On Dec. 16, 2014, several individuals in Jordan Cave were seen removing and throwing rocks from the walls of the site over a steep embankment. Some of the rocks were also dug from the prehistoric floor of the site and were thrown over the embankment.
Law Enforcement is trying to identify and locate the individuals in the attached photo who might be able to assist in the investigation regarding the vandalism.
“These prehistoric sites are rare treasures on our public lands and the Forest Service takes every effort to preserve and protect those resources,” said Patrol Captain Jon Nelson. “Once these sites are damaged, it removes a piece of the puzzle of how past communities lived an existed over time that cannot be replaced. It not only destroys scientific evidence, it denies the public from seeing these areas as they were left by the Pueblo people who lived here centuries ago.”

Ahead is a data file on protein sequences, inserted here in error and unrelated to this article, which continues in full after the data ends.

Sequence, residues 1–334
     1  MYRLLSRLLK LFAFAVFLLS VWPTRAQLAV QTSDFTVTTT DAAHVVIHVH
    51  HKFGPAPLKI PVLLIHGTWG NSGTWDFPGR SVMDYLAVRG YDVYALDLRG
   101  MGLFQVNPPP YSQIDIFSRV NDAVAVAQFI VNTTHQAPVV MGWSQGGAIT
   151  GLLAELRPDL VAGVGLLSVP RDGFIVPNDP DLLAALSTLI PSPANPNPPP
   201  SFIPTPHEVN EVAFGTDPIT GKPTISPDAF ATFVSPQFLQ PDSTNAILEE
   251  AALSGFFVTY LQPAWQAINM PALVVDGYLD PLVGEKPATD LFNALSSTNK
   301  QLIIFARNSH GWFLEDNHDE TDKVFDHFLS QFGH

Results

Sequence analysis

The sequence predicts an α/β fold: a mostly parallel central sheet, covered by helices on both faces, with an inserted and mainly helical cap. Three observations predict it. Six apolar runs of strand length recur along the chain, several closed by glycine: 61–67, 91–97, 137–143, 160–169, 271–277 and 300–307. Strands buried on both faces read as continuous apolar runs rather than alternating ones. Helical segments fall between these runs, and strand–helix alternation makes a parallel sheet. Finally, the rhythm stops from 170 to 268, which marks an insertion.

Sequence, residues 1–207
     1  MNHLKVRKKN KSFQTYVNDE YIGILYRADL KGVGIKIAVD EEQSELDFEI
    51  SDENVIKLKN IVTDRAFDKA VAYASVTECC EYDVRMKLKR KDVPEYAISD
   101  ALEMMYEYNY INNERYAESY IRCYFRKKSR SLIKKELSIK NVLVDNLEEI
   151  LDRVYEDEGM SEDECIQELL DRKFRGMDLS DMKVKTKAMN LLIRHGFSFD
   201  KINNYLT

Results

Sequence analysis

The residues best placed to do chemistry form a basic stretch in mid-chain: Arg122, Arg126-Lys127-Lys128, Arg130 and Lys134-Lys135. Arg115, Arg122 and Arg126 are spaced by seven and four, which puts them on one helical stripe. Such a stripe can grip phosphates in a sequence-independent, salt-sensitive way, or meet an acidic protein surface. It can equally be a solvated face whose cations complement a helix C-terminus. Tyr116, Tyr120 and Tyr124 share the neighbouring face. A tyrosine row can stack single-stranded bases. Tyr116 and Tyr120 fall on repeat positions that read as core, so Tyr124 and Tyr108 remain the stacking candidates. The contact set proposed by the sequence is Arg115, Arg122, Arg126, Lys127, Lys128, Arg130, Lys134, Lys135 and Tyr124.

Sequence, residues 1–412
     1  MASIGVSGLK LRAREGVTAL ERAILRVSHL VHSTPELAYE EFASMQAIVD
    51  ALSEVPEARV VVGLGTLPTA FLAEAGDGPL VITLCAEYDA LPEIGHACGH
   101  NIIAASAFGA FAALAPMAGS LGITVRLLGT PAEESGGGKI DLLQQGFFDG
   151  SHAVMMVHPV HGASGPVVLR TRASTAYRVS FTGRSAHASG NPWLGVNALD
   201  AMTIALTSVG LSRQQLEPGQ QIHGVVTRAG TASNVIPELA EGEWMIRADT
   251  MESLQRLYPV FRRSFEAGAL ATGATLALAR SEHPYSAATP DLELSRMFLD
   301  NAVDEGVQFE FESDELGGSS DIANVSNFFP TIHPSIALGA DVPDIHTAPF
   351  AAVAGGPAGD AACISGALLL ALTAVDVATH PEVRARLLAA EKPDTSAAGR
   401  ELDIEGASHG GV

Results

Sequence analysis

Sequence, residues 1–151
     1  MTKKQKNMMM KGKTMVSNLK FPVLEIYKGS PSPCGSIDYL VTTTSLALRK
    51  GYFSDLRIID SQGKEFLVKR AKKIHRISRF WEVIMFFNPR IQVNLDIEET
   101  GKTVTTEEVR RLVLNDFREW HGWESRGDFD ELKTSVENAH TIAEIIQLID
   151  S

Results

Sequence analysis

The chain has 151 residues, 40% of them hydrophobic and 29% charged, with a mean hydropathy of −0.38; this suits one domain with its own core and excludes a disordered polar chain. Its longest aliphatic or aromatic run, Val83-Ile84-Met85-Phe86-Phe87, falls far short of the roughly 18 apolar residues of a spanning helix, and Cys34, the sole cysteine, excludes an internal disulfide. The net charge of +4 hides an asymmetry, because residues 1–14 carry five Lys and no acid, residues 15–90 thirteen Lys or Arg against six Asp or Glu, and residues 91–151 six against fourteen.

It is illegal to excavate, remove, damage, alter or deface any archaeological resource, to include surface collecting. An archaeological resource is defined as any historic or prehistoric object or resource that is 50 years or older.
These acts of vandalism and theft to protected sites are found under the Archaeological Resource Protection Act of 1979, under Title 36 Code of Federal Regulations 261.9(g), which makes it a criminal violation under federal law. The severity of the crime ranges from a Class B Misdemeanor, which is six months in jail and a $5,000 fine, to a felony, which is one year in jail and/or $20,000 fine.
Anyone with information regarding this vandalism should contact Officer Mike O’Neil at 928-203-7512.